This week I have been at two funerals in an official, but non-leading capacity.
They could not have been more different, and yet they raised, once again, huge questions about what we are doing, why we are doing it and who we think we are serving by doing it.
The first funeral was attended by around two dozen folk, neighbours, friends and church folk, who had waited two months for the service to take place. What struck me most was the significance of the conversations afterwards (there was no 'afterwards for refreshments') as we stood in the car park and share funny stories about the deceased, each discovering whole tranches of the story that were new to us. I reminded me, were any reminder needed of two things...
- the need to allow space in the service, even if it's just a minute or so, for personal remembering
- the importance of the 'afterwards' and its informal opportuity to share the stories.
I endeavour to include/mention each of these when I lead a funeral.
The second funeral was attended by around 60 - 70 folk, I'd guess, many of whom had travelled significant distances to say farewell to a relative. The person I'd gone to support commented that "he would have loved it" - and that always seems an important, if not over-arching, factor. The personalisation of funerals, within reason, is something to which I always aspire.
Within reason? Yes, I think so. People ask me to lead funerals knowing who and what I am, and I have never had anyone decline once I mentioned Bible readings or prayers. Funerals have an important pastoral role, which includes a measure of dignity and decorum, sobriety and sensitivity.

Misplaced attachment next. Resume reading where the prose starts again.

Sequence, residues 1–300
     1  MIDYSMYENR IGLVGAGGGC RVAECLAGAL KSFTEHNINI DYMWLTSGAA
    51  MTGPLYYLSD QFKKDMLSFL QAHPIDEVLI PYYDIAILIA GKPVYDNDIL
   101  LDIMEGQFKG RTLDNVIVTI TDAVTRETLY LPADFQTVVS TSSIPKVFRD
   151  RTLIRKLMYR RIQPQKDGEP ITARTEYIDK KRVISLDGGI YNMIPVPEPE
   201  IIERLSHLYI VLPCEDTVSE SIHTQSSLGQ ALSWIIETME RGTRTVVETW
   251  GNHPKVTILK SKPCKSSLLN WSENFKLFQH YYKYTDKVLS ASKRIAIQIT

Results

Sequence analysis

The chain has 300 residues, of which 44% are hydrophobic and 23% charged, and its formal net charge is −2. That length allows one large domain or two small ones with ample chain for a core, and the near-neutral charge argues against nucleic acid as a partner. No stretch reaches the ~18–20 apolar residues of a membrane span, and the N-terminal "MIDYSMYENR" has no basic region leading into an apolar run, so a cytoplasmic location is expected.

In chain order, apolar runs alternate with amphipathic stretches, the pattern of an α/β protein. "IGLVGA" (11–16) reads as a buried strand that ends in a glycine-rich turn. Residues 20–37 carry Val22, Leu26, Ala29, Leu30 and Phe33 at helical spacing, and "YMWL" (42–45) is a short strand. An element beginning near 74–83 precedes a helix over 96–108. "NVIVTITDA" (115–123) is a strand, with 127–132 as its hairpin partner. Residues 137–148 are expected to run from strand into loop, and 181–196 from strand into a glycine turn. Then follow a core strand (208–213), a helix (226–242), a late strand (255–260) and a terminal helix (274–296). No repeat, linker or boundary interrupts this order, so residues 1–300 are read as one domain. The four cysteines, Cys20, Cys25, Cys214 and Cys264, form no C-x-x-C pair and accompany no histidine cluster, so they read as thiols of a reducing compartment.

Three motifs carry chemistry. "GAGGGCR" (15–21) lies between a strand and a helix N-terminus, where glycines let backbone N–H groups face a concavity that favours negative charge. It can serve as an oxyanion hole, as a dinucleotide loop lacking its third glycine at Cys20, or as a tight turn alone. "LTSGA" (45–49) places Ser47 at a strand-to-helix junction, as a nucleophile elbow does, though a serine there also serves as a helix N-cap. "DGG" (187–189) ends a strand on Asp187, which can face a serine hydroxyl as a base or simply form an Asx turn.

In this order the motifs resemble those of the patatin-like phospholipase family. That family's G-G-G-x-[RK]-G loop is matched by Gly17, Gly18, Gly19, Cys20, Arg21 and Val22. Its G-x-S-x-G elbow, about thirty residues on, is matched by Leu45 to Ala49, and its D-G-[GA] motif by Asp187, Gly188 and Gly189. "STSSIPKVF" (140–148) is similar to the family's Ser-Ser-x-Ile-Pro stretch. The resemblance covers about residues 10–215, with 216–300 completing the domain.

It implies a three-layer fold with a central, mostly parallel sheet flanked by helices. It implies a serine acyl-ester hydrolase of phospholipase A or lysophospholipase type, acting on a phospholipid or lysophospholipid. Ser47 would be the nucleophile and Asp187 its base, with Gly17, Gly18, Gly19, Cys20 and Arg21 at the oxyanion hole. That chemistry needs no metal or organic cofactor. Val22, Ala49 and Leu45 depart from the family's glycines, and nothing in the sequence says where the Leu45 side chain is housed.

Over the years, I have conducted funerals for people aged 'less than zero' to 103, in packed congregations and when no mourners were expected. I've shared detailed tributes and I've had to acknowledge that I never met the deceased but they were 'known unto God'. I have been in countless chapels, churches and crematoria, have buried and scattered ashes, blessed new graves and replacement gravestones. I've stepped in when the celebrant couldn't cope and stepped up when no celebrant had been planned. I say this not as a boast - for what is there about which to boast? I say it as recognising that funerals are hugely important, and that getting it right - or as right as we can - matters.
If, at the end of the day, we have enbaled people to remember with gratitude someone they have known and loved, if I have been able to offer some words of comfort and hope, if we can go away thinking, 's/he would have liked that', then we've got something right.
RIP R and C whose funerals were this week, safe in the love of God.